Continuous Veno-venous Hemodialysis 

Continuous veno-venous hemodialysis (CVVHD) - CVVHD is similar to standard dialysis, however, instead of the short (generally around 3 hour) intense treatment received under standard hemodialysis, CVVHD is performed continuously over a longer period of time, up to days.  Additionally, the dialysis solution in CRRT generally comes from a pre-mixed bag that hospital staff will hang onto the CRRT machine.   Unlike SCUF or CVVHF, CVVHD uses the dialysate to help convey impurities from the blood through the filter and into the effluent.  Unlike CVVHF or CVVHDF, no replacement fluid is used.  Figure 1 shows a simple, yet accurate, CVVHD setup.

Figure 1 - Diagram of a typical CVVHD setup including fluid pathways and components.

Anticoagulation is not shown in the diagram.  At one time heparin was the clear favorite anticoagulant, now however, citrate is gaining and may be a more popular anticoagulant for use with CRRT therapies.

The hemofilter, or dialyzer, has two compartments, one for the patient's blood and one for a washing fluid called dialysate.  A thin membrane separates these two parts. Blood cells, protein and other large molecules remain in the patient's blood because they are too big to pass through the membrane. Smaller waste products in the blood, such as urea, creatinine, potassium and extra fluid pass through the membrane and into the effluent.  In typical hemodialysis the dialyzer is often reused, however, in CVVHD and other CRRT therapies, the hemofilter (and all the rest of the tubing) is generally used once and then disposed of, ensuring that the system is sterile at the start.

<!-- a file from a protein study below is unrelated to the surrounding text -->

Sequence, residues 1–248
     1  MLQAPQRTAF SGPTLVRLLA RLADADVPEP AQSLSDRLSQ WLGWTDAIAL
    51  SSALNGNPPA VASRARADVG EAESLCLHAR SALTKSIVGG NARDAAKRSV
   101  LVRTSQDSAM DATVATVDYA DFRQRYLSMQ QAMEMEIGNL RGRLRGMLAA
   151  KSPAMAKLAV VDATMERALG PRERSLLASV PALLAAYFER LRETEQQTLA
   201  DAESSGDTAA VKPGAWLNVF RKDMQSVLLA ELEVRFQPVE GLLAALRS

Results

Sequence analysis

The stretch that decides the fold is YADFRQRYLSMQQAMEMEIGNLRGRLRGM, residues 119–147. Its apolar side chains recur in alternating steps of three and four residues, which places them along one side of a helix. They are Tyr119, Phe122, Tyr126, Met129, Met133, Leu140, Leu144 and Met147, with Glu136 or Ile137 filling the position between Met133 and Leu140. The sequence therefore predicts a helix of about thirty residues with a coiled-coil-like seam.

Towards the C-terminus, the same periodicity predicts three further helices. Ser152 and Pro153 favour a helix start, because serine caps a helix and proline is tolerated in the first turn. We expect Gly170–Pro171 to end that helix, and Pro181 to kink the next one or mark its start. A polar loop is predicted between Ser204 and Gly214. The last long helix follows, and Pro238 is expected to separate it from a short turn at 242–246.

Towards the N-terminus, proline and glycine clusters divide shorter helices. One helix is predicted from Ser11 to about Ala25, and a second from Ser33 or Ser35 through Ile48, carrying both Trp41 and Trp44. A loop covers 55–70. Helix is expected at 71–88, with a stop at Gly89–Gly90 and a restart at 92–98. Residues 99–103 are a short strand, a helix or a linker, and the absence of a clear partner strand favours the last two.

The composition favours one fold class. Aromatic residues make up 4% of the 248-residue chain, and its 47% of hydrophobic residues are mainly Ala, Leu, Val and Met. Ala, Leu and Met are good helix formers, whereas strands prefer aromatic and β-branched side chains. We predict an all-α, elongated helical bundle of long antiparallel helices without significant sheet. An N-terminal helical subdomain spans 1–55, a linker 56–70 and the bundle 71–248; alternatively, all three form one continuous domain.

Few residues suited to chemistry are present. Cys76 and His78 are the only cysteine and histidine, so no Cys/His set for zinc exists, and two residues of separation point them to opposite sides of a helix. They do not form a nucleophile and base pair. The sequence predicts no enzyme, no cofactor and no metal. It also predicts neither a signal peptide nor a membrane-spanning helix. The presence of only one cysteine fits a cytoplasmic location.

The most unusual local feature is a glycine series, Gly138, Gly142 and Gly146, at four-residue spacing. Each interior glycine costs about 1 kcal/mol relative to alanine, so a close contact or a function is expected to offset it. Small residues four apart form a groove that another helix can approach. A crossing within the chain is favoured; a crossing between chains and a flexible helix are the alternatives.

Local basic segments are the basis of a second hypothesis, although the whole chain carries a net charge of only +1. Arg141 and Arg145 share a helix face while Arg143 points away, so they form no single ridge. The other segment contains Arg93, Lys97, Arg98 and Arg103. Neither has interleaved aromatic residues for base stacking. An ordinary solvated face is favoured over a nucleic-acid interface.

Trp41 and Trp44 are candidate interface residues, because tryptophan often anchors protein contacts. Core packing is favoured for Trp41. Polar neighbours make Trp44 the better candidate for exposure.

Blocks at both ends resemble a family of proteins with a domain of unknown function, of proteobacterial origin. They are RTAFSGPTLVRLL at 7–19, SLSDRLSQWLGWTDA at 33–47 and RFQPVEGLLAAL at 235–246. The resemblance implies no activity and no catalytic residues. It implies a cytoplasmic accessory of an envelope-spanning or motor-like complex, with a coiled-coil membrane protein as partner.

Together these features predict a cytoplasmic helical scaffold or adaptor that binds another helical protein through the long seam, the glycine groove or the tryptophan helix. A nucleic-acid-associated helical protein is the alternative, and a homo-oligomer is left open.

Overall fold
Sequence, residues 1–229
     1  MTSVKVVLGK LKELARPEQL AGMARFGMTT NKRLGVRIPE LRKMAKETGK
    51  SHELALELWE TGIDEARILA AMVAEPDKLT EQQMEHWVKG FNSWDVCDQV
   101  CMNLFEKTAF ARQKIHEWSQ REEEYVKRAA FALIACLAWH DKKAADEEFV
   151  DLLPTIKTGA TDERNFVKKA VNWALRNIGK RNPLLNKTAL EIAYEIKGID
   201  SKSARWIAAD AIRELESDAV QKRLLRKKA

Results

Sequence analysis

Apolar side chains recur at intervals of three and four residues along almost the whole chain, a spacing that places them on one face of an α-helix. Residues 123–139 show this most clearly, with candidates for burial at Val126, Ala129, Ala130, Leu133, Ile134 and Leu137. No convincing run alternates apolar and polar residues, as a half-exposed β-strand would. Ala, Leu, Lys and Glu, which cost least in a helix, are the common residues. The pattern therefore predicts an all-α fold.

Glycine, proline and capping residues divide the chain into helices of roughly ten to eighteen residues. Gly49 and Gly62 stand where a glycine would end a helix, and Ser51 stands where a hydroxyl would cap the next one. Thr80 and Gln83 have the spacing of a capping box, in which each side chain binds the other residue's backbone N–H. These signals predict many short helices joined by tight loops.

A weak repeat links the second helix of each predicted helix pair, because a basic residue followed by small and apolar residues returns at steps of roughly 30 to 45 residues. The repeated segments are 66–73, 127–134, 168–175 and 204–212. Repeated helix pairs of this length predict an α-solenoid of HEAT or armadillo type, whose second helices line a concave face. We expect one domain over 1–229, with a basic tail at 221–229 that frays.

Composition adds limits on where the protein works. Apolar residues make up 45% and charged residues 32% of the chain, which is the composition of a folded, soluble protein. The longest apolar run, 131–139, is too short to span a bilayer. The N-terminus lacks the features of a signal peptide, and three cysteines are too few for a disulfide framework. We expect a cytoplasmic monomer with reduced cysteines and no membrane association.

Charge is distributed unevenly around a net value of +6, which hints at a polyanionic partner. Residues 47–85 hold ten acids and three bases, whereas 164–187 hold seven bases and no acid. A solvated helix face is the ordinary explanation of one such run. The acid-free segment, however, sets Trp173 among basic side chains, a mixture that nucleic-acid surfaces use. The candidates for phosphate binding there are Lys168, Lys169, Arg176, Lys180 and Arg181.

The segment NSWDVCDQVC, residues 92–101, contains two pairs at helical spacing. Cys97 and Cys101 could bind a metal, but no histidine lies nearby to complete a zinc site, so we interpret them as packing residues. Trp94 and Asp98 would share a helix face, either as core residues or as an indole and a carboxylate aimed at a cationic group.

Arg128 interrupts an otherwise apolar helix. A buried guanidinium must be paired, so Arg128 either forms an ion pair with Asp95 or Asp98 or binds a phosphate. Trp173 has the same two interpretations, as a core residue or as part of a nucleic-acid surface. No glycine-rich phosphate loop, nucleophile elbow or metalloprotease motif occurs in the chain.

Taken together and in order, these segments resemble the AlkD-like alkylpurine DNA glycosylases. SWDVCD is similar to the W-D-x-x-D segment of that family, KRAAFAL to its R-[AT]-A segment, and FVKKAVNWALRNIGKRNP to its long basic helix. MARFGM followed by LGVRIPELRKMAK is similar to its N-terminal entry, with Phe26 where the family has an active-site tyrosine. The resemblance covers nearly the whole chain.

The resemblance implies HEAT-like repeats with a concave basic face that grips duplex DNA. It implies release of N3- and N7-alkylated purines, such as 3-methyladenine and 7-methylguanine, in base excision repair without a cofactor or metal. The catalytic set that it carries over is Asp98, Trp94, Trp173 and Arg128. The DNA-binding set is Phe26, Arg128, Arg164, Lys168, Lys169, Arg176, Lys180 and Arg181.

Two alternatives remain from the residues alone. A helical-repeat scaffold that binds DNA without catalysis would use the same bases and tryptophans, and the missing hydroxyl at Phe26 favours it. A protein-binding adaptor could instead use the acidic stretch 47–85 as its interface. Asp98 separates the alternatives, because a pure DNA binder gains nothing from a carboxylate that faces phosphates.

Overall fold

In CVVHD (and CRRT in general) the tubing has colored stripes to help identify its purpose.    

  • Red striped tubing is the access line, it moves blood from the patient to the hemofilter.    
  • Blue striped tubing is the return line, it is used to convey blood from the hemofilter back to the patient. 
  • Green striped tubing is the dialysate line, it moves the dialysate from the source into the hemofilter. 
  • Yellow striped tubing is the effluent line, it removes the effluent from the dialyzer into a waste or effluent bag.

There may be clear tubing that moves the anticoagulant into the tubing circuit.  Certain sections of tubing may be clear to fill certain purposes, clear tubing works best for air detectors and blood detectors, so tubing that goes through those is generally clear, the pump tubing sections are made from a more durable material and are usually clear as well.

The various fluids are moved through the tubing set by roller or peristaltic pumps.  Special more durable sections of the tubing are inserted into these pumps and the pumps move the fluid through the tubing.  The pumps do not contact the blood or other fluids in any way.